PHASE ONE - DRENCHING RAIN: Nothing nice to tall about. Heavy rain continues across the area today after drenching rains overnight. Many places have already seen over 2.00". Additional rainfall could be 2-4 inches, with locally higher amounts before it all ends tomorrow.
PHASE TWO - SEVERE WEATHER THREAT: As we have been telling you for the past few days, this is a very complicated set-up. Low pressure will develop over Louisiana during the day. It will intensify as it moves toward the northeast. This will drag a warm front northward from the gulf coast, northward across Alabama later tonight and Monday morning. In the warm air, south of the warm front will be the best environment for severe weather. Some storms could easily become severe. Any thunderstorms that develop overnight will likely start to rotate. There will be a lot of directional shear, meaning winds will not only increase with height, but also will change direction, allowing for sufficient "spin", with rotating updrafts. Tornadoes are possible. The threat area cover much of central and south Alabama.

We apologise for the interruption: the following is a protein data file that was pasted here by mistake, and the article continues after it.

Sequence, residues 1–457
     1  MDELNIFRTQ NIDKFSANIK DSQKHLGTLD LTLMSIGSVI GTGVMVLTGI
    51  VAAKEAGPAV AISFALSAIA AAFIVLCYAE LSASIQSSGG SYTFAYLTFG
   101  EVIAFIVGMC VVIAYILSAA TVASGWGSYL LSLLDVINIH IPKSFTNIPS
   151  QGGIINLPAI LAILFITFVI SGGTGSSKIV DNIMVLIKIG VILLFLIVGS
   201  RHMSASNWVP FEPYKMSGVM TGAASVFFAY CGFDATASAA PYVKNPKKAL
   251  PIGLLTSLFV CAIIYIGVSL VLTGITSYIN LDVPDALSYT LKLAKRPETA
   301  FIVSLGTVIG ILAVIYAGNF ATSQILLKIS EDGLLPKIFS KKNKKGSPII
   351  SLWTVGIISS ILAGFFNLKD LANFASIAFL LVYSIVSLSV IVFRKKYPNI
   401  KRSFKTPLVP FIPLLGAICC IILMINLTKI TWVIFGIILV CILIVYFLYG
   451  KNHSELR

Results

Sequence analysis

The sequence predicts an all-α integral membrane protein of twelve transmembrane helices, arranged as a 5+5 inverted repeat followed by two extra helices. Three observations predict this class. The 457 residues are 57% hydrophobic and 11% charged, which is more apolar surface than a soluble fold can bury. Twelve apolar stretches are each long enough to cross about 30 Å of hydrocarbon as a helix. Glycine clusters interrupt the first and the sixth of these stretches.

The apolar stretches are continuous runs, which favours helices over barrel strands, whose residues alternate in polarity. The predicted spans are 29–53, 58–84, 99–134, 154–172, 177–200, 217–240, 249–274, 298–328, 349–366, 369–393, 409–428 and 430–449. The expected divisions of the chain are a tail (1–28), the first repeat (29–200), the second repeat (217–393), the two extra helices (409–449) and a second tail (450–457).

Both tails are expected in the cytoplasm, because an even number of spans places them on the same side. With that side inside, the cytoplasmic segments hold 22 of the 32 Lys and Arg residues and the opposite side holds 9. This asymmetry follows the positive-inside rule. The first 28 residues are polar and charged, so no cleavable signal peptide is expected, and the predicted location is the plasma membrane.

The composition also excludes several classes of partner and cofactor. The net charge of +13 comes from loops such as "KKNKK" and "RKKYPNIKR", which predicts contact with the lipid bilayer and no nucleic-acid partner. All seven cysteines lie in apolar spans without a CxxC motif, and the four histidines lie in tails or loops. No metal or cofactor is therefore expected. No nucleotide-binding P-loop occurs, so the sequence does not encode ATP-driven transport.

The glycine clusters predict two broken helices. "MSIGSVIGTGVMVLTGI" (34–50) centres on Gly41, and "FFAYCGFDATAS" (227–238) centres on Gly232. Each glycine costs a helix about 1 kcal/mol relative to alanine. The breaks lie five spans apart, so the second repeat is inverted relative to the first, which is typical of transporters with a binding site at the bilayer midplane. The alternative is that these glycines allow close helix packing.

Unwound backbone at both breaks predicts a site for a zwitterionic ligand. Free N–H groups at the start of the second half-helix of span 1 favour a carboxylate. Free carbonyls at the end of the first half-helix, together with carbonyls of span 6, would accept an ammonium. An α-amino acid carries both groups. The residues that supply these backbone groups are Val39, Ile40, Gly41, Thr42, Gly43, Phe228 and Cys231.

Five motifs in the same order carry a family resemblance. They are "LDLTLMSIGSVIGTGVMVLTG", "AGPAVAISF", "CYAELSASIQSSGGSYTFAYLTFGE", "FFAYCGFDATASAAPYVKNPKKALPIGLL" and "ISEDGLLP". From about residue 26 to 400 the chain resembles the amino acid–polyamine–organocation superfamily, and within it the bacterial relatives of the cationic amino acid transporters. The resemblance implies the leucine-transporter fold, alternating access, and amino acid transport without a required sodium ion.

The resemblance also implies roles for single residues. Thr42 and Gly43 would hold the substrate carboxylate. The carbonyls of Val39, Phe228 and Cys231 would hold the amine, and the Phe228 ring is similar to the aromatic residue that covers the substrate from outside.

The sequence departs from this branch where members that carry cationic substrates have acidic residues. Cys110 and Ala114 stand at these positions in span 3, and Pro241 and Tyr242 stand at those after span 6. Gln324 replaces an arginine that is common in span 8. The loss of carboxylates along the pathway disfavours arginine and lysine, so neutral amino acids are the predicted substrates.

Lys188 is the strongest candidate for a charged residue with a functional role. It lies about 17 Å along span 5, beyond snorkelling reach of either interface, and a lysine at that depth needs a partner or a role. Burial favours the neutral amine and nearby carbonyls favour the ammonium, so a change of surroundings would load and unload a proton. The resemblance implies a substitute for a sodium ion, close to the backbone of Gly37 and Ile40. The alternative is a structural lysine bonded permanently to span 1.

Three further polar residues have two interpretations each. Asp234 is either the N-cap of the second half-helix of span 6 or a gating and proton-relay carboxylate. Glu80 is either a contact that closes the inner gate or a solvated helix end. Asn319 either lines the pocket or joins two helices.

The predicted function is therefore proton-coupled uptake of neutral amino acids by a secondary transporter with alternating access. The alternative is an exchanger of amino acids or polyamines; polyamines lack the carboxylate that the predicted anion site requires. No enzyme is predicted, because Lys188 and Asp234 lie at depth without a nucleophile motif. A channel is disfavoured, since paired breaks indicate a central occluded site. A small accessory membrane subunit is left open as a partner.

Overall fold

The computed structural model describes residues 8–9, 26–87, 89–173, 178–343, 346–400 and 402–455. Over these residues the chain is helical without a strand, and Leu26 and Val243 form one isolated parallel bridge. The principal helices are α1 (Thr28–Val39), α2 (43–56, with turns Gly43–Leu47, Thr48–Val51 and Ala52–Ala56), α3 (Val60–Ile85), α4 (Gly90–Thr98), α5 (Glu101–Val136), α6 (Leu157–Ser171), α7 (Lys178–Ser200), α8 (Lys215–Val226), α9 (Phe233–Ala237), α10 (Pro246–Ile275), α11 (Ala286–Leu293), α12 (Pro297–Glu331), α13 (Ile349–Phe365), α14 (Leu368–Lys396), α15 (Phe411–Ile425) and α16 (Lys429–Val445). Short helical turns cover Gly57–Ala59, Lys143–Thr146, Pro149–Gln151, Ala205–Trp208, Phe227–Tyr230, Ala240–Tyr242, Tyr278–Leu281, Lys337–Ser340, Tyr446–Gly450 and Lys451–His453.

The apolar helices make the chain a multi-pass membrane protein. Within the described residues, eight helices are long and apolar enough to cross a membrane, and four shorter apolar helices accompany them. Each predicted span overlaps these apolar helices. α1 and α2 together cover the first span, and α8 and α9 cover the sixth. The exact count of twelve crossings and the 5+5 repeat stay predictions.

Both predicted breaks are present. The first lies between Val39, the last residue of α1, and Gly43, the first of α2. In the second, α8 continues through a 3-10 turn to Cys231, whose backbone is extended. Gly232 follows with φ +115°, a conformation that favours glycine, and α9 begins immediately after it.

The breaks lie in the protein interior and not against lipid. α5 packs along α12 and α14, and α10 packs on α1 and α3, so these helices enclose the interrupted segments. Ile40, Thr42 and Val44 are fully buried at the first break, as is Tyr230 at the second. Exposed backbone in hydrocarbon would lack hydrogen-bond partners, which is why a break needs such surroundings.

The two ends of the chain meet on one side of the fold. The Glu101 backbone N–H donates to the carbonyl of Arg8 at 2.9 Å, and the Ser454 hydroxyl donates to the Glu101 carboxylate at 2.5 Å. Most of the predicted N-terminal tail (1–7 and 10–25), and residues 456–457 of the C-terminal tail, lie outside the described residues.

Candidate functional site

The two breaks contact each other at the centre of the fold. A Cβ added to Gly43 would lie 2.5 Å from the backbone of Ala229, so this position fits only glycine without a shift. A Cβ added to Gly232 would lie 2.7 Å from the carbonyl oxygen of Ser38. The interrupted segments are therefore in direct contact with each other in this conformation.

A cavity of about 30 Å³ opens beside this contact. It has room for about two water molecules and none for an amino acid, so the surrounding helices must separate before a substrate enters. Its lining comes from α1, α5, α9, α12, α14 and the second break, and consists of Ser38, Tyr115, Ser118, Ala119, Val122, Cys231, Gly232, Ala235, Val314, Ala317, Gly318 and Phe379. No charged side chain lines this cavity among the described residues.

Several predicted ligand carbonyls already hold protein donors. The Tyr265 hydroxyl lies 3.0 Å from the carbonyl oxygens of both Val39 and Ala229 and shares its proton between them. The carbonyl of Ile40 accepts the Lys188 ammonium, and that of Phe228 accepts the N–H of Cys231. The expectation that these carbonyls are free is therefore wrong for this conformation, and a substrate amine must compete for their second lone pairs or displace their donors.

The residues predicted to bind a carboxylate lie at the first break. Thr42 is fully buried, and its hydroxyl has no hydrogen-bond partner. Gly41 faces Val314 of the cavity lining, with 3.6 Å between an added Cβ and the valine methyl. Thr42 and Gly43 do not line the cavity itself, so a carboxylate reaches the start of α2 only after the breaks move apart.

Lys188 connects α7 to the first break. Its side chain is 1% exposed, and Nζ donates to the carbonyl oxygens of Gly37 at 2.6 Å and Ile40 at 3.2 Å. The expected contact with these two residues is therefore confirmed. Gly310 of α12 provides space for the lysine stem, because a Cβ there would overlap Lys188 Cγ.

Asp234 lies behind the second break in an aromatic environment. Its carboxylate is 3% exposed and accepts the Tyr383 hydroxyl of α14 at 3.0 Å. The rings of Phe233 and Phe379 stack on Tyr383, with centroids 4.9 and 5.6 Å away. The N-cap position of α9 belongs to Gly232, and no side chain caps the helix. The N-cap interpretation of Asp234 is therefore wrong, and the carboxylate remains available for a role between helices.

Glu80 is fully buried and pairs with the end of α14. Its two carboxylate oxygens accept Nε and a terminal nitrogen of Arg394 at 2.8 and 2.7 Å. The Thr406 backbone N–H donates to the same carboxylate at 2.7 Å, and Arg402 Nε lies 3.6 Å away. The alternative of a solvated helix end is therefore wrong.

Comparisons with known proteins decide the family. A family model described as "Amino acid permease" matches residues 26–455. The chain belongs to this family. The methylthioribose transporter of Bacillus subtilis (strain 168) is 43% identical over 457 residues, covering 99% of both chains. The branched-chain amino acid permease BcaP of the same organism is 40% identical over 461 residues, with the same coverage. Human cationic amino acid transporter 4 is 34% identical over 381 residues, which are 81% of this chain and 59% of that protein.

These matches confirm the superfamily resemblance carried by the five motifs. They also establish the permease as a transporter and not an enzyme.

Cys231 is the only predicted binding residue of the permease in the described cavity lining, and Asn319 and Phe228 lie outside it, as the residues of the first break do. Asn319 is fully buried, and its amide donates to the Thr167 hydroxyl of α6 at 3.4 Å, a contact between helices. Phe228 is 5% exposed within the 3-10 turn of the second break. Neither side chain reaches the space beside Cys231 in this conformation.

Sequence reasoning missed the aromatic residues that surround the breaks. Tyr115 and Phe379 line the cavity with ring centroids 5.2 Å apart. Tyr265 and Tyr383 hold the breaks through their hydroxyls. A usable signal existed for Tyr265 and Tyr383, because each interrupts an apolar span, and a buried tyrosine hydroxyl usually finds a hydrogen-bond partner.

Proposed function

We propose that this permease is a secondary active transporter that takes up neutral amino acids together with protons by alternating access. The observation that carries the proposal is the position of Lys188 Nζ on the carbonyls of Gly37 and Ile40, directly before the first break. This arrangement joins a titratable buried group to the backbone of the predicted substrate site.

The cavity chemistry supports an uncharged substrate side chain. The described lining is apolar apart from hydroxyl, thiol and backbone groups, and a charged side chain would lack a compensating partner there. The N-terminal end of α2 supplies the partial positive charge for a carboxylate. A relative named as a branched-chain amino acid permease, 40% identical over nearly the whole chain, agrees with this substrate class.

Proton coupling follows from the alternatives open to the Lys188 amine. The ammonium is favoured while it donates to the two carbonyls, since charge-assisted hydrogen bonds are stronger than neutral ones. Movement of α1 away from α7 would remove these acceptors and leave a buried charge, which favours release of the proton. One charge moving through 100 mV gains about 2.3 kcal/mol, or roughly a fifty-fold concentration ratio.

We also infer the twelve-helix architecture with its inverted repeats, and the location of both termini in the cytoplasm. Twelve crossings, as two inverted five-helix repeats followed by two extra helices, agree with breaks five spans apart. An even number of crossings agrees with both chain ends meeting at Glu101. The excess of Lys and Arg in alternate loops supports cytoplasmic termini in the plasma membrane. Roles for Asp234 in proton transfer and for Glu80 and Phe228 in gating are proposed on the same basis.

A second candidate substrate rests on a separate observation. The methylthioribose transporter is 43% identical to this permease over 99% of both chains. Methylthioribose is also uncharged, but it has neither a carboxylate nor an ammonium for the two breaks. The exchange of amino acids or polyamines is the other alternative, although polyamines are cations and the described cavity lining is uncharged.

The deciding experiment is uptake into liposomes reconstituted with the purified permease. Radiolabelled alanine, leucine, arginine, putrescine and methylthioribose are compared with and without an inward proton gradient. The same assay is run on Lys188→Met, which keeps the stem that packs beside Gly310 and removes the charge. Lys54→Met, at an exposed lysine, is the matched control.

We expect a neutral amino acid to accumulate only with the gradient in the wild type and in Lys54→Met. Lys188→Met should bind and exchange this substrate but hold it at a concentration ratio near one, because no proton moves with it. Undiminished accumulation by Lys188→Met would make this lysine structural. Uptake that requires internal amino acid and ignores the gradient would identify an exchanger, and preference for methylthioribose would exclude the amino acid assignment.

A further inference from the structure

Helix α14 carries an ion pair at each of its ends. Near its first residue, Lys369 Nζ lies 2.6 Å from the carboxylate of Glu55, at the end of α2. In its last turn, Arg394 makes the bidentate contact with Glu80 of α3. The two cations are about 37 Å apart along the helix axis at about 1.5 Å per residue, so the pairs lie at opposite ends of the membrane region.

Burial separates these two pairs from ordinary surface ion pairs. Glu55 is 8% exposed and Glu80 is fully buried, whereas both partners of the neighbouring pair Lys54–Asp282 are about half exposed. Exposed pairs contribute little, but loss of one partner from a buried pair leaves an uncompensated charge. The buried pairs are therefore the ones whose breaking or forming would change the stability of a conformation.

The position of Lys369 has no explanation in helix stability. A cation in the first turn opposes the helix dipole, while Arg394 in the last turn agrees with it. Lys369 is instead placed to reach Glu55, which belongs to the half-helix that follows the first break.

DISCLAIMER: There are some limiting factors which remain. There are some of the big question marks on how this may all come together. How far northward will the warm front move and how quickly? Will drenching rain during the day today limit instability? Can the atmosphere recover? These are just some of the question marks. But, we need to be ready. Always expect the unexpected, and be ready for the worse case scenario. The biggest threats appear to be the flooding potential, the threat for damaging winds, the tornado threat, and, to a lesser extent large hail.
OVERNIGHT THREAT: The biggest problem I worry about is the fact that the primary threat will occur when most folks are asleep. On WSFA, we will be with you with all the watches and warnings, but we can't wake you up. You need a reliable way to receive weather warnings, like a weather radio, or a smart phone with our Weather App. If you depend on an outdoor siren, that's simply not enough! Sirens are designed to alert people outdoors. You can text your county name to 41212 to get watches and warnings as text messages.
Stay up with the latest. Eric will have another blog update later this afternoon. Plus, please join Eric on WSFA 12 News at 5:00 and 10:00. Needless to say, the Storm Center will be manned all night.
--Rich Thomas, Doppler 12 StormVision Meteorologist
Facebook: Rich Thomas WSFA Weather